generally considers whether construing the habeas petition as seeking relief under § 2254 could
lead to the petitioner obtaining relief. In his responses to the NOSC, however, Petitioner makes
clear that he is not seeking relief under any federal habeas statute other than § 2241. (Doc. 6-1, p.
8.) Therefore, this matter will be dismissed without prejudice.
Under Rule 11 of the Rules Governing Section 2254 Cases in the United States District
Courts, “the district court must issue or deny a certificate of appealability [(COA)] when it enters
a final order adverse to the applicant.” The Tenth Circuit has held that this requirement also applies
to petitions brought under 28 U.S.C. § 2241. See Montez v. McKinna, 208 F.3d 862, 869 (10th Cir.
When the district court denies a habeas petition on procedural grounds without
reaching the prisoner’s underlying constitutional claim, a COA should issue when
the prisoner shows, at least, that jurists of reason would find it debatable whether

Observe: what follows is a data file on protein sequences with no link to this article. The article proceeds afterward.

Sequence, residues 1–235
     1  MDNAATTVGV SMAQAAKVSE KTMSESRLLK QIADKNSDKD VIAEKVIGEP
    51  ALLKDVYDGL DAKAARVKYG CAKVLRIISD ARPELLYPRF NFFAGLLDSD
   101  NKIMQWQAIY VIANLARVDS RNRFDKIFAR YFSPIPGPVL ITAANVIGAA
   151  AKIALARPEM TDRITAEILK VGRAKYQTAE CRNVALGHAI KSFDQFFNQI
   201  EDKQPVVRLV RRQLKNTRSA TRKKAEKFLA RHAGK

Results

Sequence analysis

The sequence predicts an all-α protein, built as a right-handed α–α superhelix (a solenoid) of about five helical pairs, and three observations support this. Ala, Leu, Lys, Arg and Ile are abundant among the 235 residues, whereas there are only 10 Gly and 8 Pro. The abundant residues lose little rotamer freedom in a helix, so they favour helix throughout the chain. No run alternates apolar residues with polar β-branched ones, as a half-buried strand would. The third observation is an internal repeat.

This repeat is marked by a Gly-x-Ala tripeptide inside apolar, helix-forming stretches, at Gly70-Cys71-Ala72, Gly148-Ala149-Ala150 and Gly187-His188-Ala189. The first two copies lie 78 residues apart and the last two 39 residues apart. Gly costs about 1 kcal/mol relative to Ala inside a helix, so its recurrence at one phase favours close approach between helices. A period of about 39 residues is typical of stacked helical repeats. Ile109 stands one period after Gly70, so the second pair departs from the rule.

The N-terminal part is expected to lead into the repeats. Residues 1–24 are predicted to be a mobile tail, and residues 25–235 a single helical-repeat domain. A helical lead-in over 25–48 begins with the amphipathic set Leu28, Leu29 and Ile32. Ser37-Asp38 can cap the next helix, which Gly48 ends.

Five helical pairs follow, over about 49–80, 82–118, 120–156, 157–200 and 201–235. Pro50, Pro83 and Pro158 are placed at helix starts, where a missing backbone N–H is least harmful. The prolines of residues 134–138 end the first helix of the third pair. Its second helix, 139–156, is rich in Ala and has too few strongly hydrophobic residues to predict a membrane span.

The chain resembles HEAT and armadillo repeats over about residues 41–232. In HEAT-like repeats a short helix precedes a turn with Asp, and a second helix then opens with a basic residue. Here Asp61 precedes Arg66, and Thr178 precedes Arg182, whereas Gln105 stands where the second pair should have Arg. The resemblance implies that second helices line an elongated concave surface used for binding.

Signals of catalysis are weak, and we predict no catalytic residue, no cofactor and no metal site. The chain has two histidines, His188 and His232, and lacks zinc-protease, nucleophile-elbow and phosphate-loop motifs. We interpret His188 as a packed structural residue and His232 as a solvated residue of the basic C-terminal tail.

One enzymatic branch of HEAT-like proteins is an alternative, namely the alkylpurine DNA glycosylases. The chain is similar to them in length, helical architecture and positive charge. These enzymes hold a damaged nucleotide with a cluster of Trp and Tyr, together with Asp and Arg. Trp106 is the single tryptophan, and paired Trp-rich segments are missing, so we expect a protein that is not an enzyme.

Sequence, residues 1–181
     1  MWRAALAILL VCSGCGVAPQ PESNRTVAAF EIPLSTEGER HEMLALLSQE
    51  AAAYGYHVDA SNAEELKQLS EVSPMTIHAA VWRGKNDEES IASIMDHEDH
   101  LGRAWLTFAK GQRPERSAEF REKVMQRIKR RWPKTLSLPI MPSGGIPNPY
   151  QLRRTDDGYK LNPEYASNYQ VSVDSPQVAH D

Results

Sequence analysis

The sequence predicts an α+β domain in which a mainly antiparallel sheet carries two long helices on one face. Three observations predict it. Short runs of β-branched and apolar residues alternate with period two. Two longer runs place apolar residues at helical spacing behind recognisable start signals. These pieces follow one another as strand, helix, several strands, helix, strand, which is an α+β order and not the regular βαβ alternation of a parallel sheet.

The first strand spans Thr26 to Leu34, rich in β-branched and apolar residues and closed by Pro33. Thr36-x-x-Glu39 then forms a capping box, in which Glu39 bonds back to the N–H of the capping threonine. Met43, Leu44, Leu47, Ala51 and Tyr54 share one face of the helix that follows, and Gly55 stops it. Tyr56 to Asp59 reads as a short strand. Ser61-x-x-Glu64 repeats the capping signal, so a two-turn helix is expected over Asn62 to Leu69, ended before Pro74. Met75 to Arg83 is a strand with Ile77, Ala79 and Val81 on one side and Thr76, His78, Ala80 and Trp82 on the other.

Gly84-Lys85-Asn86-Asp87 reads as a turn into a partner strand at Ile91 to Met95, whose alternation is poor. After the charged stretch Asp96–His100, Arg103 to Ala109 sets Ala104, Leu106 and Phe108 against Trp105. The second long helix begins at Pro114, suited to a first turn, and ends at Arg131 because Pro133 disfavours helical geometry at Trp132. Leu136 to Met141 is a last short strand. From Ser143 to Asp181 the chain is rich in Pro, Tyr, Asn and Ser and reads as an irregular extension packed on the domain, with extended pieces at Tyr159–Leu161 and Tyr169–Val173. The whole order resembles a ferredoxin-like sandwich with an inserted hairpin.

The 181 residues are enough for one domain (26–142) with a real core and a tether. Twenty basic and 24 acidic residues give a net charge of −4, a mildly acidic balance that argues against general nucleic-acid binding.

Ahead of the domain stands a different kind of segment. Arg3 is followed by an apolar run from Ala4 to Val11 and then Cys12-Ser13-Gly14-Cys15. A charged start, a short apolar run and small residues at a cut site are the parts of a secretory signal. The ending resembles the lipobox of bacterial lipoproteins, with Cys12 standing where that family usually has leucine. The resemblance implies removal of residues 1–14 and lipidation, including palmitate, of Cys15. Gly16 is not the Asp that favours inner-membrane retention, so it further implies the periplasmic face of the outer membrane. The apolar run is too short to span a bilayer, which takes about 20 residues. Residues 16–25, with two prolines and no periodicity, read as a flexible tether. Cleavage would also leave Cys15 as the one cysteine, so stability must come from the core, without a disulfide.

the petition states a valid claim of the denial of a constitutional right and that jurists
of reason would find it debatable whether the district court was correct in its
Slack v. McDaniel, 529 U.S. 473, 484 (2000). The failure to satisfy either prong requires the denial
of a COA. Id. at 485. The Court concludes that its procedural ruling in this matter is not subject to
debate among jurists of reason. Therefore, the Court declines to issue a certificate of appealability.
IT IS THEREFORE ORDERED that this matter is dismissed without prejudice for
failure to state a claim on which federal habeas relief may be granted. No certificate of
appealability will issue.
IT IS SO ORDERED.
DATED: This 14th day of November, 2023, at Kansas City, Kansas.
S/ John W. Lungstrum
JOHN W. LUNGSTRUM
United States District Judge